High Efficiency Toilets
When it comes to wasting water, our toilets are some of the biggest offenders. Put it this way: when you flush a “regular” toilet, you could be using up to 7 gallons per flush (gpf)! And unfortunately you can’t just believe what is printed on the tank – our engineers have measured toilets marked as “1.6 gpf” with flushes as high as 4 gallons! Today’s toilets can bring that rate down to 1.28 gallons per flush – a great investment in water conservation and cost savings. But maintaining your equipment is critical, too – when valves and flappers wear out, precious fresh water goes straight down the sewer.
Heating System Leaks
It’s normal for steam heating systems to take in some fresh water over time, but when they take in a lot of this “makeup water” it is indicative of a larger problem – often a boiler or piping leak. Excessive makeup water can also drastically shorten the life of a boiler by as much as half. That’ll really sink your sinking fund. Luckily, measuring makeup water levels is simple, cost-effective and insightful, as long as you put a meter on the makeup water line and someone actually reads that meter.
And if a hot water heating system and requires you to add any water, that is a sign of a problem.
Saving irrigation water can take many forms, from planting only native plants that require no irrigation, to better controlling the irrigation you do use. Many properties are guilty of overwatering – most obviously when sprinklers are running during a rainstorm. This can be tackled by hooking a soil moisture sensor into your irrigation system, or, better, using a WaterSense irrigation system that is networked to weather data to adjust the watering cycles.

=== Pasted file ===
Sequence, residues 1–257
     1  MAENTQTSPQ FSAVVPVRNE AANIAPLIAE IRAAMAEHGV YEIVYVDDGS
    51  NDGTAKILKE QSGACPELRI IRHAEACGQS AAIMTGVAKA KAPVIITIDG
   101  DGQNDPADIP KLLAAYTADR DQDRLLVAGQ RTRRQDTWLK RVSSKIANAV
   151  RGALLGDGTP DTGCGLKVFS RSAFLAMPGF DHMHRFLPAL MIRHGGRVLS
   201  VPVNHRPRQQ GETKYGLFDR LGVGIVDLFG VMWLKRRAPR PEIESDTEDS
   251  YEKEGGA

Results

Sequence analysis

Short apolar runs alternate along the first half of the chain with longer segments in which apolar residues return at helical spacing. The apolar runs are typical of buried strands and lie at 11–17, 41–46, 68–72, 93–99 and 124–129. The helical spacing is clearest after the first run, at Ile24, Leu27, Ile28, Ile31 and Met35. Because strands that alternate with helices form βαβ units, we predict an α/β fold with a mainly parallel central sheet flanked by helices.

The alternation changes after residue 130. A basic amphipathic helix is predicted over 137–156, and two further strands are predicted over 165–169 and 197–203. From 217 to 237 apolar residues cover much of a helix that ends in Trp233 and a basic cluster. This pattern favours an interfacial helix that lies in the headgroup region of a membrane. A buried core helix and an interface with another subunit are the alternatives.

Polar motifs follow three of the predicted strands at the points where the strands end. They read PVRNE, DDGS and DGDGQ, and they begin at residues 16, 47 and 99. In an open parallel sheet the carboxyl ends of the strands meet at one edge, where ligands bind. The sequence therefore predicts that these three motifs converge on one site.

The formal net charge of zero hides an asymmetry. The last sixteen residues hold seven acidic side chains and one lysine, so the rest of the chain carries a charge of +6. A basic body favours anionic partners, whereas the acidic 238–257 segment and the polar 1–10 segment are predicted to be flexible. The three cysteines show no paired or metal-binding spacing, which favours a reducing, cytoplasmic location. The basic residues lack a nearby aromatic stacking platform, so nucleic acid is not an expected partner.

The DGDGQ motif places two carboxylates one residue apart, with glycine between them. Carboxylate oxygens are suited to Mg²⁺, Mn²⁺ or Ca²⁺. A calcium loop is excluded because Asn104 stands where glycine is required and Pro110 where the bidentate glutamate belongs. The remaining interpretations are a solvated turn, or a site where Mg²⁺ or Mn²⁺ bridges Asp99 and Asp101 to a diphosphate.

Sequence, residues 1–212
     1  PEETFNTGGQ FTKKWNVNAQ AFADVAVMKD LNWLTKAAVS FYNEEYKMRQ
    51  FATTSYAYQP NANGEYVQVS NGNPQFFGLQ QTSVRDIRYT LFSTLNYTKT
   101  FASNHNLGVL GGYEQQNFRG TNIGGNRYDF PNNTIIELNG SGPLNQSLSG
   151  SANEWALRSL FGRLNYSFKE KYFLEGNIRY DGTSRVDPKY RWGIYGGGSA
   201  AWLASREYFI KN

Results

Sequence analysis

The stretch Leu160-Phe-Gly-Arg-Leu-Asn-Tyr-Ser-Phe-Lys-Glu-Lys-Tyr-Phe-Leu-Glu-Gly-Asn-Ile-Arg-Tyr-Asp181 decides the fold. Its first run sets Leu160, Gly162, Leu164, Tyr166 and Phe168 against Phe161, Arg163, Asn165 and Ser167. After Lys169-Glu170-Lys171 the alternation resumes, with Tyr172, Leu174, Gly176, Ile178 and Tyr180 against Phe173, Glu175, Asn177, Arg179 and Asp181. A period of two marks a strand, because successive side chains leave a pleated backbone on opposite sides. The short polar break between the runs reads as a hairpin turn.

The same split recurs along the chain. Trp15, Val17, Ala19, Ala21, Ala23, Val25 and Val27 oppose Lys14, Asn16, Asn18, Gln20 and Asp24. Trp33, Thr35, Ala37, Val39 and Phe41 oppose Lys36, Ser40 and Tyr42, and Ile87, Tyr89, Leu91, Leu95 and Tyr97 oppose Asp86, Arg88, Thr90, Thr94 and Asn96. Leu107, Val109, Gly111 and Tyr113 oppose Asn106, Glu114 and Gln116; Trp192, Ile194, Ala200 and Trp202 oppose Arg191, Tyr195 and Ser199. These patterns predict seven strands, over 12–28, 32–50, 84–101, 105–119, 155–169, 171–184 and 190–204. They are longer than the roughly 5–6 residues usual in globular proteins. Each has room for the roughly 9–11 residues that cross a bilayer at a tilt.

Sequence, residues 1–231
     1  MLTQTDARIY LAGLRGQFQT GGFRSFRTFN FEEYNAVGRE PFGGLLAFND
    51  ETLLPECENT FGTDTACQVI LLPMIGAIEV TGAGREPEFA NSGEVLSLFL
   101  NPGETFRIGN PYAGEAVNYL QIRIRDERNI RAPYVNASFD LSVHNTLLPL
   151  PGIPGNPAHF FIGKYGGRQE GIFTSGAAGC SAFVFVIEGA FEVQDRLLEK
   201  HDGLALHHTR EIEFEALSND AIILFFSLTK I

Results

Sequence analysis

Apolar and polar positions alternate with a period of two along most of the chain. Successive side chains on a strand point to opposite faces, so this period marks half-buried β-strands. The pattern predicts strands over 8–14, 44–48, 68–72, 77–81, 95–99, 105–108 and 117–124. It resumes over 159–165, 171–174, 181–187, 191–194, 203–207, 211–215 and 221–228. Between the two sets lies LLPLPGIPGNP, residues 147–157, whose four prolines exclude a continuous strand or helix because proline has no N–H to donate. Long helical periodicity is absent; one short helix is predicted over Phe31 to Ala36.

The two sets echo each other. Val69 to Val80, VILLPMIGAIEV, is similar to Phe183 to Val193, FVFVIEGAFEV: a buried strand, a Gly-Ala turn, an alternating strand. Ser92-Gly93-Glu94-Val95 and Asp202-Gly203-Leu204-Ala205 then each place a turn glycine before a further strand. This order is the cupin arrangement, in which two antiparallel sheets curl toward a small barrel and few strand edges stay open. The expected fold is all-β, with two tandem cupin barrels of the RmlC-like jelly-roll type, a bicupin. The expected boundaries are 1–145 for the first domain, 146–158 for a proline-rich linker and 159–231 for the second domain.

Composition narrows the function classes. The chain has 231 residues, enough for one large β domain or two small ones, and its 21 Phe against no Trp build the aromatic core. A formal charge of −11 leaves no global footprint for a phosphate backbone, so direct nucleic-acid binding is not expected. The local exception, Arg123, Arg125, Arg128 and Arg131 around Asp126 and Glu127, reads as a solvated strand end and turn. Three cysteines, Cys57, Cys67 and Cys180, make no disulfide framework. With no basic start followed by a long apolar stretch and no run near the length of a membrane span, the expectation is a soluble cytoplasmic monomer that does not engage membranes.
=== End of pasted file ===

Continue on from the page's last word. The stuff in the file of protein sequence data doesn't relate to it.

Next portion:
But whatever you do, you can’t set it and forget it – analyzing water data can give an indication of a problem, like a mis-set irrigation control, a broken pipe or damaged equipment.
Rainwater and Greywater Capture
Rainwater and Greywater Capture are methods of reusing water that has either accumulated due to rain, or has already been used once (kitchen sinks, showers, etc.). Both can significantly contribute to efficient water usage in buildings. The simplest applications of rainwater and greywater are for irrigation. Rainwater can also be used as makeup water, particularly in cooling towers. Greywater – because it requires additional piping – is more commonly used only in new construction projects. Treated greywater can even be used to flush toilets instead of fresh water.